Wow. I was shocked to read this piece from AP about Barack Obama, Reverend Wright, and Trinity United Church of Christ that actually gives some context to Wright’s sermons.
A young Barack Obama was searching for answers, and perhaps a place to belong, when he decided to visit a fast-growing church recommended by friends. What he heard left him in tears.
The Rev. Jeremiah Wright preached that day about suffering — about the seemingly endless problems of the world and of individuals. But he also talked about the importance of hope, the audacity of believing things can be made better.
“Hope is what saves us,” Wright said.
Trinity was an early leader in ministering to people with HIV and AIDS. It offers housing and employment programs to people in need. It has scholarship programs and services for cancer patients, domestic abuse victims, drug addicts and more.
Members are expected to volunteer for one or more of these ministries. They usually announce their choice on the same day they’re baptized, said Jane Fisler Hoffman, a United Church of Christ minister who joined Trinity.
“There’s this kind of constant encouragement to live your faith, learn your faith,” she said.
The church proclaims itself “unashamedly black and unapologetically Christian.” It supports charity work in Africa, gives some of its ministries Swahili names, uses Africa-themed decorations.
People familiar with Trinity compare its emphasis on African culture to the way some Catholic churches play up Irish or Italian roots. And they emphatically reject the accusations in widely circulated e-mails that the church is separatist or turns away white members.
“That’s such a bunch of hooey,” said Hoffman, who is white.
She tells the story of a group of young Germans visiting the church. Wright met with them before the service and prayed with them in German, she said. Later, he delivered part of his sermon in German and the choir sang in German.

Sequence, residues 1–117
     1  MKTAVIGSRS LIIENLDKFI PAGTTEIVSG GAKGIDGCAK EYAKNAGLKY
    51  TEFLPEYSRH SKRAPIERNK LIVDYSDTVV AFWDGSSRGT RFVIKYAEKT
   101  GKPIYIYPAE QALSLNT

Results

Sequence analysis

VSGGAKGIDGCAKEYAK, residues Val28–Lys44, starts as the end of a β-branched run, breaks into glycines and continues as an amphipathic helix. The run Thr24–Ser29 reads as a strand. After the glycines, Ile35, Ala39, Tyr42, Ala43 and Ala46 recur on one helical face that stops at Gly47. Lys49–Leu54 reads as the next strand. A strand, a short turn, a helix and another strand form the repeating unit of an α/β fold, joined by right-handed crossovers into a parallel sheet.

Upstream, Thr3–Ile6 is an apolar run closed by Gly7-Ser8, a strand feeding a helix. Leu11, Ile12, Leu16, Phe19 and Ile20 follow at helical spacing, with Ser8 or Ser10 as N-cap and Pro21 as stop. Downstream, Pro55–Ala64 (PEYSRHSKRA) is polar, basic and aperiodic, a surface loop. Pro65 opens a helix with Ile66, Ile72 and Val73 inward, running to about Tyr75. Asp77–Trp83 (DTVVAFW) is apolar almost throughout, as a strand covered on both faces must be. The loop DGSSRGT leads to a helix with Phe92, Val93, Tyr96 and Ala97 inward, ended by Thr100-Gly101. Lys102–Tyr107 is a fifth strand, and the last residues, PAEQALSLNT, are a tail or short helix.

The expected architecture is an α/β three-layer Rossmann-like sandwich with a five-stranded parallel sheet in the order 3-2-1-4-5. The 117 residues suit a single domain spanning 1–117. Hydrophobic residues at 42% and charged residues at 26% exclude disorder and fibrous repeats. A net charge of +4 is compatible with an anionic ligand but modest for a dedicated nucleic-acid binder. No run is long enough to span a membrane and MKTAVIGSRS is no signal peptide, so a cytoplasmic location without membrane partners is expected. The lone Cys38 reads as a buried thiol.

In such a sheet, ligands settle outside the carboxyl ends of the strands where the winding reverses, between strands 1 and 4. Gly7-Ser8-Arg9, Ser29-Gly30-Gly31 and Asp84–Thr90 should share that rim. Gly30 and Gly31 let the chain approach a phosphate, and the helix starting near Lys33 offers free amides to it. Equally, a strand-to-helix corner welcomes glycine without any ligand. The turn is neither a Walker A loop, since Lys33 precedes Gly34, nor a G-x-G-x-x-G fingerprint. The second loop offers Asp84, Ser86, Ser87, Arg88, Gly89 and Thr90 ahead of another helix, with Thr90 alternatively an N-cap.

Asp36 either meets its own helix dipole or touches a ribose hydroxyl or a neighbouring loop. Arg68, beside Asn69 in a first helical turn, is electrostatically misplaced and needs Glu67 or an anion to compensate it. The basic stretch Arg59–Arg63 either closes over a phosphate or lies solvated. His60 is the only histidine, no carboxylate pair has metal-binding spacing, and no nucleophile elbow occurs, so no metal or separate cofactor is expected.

“To me, it’s a testimony that this is not a church that rejects people of other cultures and races,” she said.
She and others say Wright is far from the hothead he may appear to be in video excerpts. They describe him as a serious biblical scholar who thinks carefully about issues.
“Wright is one of the most respected pastors in the African-American church in the United States,” said Kellman, who nevertheless says Wright “blew it” in a few sermons.
Pfleger, one of Chicago’s most outspoken members of the clergy, said Wright and Obama are similar in their intellectual approach. “They examine things, they study things. They are not quick to make judgments,” he said.
Wright’s sermons, even when they included strong critiques of racism and inequality in America, were always grounded in the Bible, church members said. Wright sometimes used harsh, painful language, his supporters acknowledge, but mostly he was well within a black tradition of emotional, social commentary.
It’s really worth your time to read the whole piece.
What has really bothered me about the whole controversy is that people in the MSM, Clinton Democrats, and many Republicans have taken a look at the video and just saw Wright proclaiming “God damn America” without even thinking about the context of the remarks or the context of Wright’s entire career. Those words in a 30 second soundbite might seem a little shocking when shown on Fox News, but if you watch hear more than what the media has been showing us, you’ll see that Wright was basically saying that 9/11 should have been used as an opportunity for self-reflection. It’s basically a sermon about karma (though he doesn’t use that word).
Take ten minutes to view the video posted below. I find nothing objectionable about his remarks when they are observed as a piece of the larger sermon.